The APA Foundation Scholarships, offered by the American Planning Association, aim to make the planning profession more accessible to individuals with limited means and to attract the best, brightest, and most talented individuals to the planning profession. The program provides scholarships to students of great merit and from historically underrepresented groups to help make the planning profession more representative of — and therefore more responsive to — the diverse communities it serves.
In 2020, six APA Foundation scholarships were awarded, with two Bloustein School MCRP candidates selected.
Amal Muse is a first-year Masters of City and Regional Planning student at the Bloustein School, where she is focusing on land use planning.
Amal grew up in the vibrant city of Minneapolis, Minnesota where she received a dual degree in Political Science and Journalism at the University of Minnesota-Twin Cities. She is a first-generation college student that is very passionate about creating equitable development.
She worked in various government agencies and lobbying firms where she learned the importance of civic engagement and policy-making. In 2016, she was appointed, by former Minnesota Governor Mark Dayton, to the Young Women’s Initiative Cabinet to create policies that decrease gender inequality for young girls across Minnesota. After graduating from college in 2019, Amal studied and conducted qualitative data research on Chinese residents and their experiences with rapid urban development and the environmental impact it will create in various cities in China. She also had the opportunity to study at the University of Hawaii at Manoa where she was introduced to geopolitics and environmental justice.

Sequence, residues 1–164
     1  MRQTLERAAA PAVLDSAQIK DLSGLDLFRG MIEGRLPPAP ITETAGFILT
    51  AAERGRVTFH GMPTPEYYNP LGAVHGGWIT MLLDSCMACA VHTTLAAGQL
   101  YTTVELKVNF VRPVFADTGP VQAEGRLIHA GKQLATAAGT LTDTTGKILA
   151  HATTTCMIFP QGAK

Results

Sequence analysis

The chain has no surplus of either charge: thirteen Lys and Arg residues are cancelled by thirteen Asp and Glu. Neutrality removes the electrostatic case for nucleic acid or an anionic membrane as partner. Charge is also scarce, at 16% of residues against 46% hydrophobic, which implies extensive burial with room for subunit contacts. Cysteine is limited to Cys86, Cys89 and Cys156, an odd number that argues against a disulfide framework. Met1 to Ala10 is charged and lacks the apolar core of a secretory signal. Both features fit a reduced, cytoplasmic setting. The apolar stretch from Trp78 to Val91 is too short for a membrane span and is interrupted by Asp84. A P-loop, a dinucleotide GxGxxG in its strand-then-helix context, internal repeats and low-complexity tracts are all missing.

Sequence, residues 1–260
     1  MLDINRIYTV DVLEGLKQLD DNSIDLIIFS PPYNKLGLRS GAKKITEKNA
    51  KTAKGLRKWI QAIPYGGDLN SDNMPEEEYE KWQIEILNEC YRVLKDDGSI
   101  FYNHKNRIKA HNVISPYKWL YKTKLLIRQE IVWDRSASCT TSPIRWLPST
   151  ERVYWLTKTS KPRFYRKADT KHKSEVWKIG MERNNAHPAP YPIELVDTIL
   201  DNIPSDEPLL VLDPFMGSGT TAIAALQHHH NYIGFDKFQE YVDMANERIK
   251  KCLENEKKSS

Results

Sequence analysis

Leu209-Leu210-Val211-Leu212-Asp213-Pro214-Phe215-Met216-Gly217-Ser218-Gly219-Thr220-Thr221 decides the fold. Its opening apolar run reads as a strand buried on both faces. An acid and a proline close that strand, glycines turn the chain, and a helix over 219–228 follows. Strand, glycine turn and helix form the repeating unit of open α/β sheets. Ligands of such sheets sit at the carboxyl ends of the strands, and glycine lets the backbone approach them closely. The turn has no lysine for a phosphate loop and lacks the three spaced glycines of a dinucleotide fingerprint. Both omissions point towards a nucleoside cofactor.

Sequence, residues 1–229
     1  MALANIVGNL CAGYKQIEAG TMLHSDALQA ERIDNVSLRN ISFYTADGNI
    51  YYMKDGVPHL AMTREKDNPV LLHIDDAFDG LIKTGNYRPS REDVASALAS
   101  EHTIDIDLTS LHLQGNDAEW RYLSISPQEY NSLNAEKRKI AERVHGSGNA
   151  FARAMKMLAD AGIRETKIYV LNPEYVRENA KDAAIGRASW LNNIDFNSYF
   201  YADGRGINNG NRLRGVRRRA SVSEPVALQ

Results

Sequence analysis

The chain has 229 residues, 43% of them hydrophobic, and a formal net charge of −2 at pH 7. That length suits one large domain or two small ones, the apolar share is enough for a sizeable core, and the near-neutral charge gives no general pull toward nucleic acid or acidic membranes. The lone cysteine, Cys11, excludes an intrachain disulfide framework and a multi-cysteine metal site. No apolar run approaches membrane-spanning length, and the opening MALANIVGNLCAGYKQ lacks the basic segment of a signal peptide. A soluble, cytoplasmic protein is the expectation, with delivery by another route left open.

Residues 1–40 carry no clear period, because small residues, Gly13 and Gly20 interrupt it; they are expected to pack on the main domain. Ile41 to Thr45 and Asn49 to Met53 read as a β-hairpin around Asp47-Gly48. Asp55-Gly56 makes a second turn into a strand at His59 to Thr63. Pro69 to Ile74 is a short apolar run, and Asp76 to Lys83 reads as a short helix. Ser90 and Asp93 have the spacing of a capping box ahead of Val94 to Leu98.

After graduate school, she is hoping to work in environmental planning abroad and focus on environmental impact assessment in East Africa and Asia. In her leisure time, she enjoys traveling, hiking, visiting museums, and spending time with her family.
Marius Williams grew up in Brooklyn with his mother, who ran a community garden and put extra effort into teaching him to read and write at home in order to prepare for elementary school and, later, entrance to the selective public middle schools and high schools. He went on to study computer science at Brooklyn Technical High School and Boston University. Upon graduation he briefly worked in technical theatre before joining Accenture’s Boston office to develop business process management software.
In his neighborhood, there were several underused spaces that as a child, he would reimagine as serving different community-oriented uses. Later, while working in software consulting he became inspired to pursue urban planning and design while admiring the hilly urban landscape around a client’s office in Hong Kong. He began to wonder how international planning and design practices might be implemented in the United States.
Currently a dual degree JD/MCRP student, he hopes to use both his technical and consulting background to make a difference in the physical and legal landscapes. At the Bloustein School he is concentrating on international design and development, believing that the practice of both local and international planning and design can reveal and spread innovative best planning practices across regions and cultures. In his free time he enjoys reading, video games, and kyudo.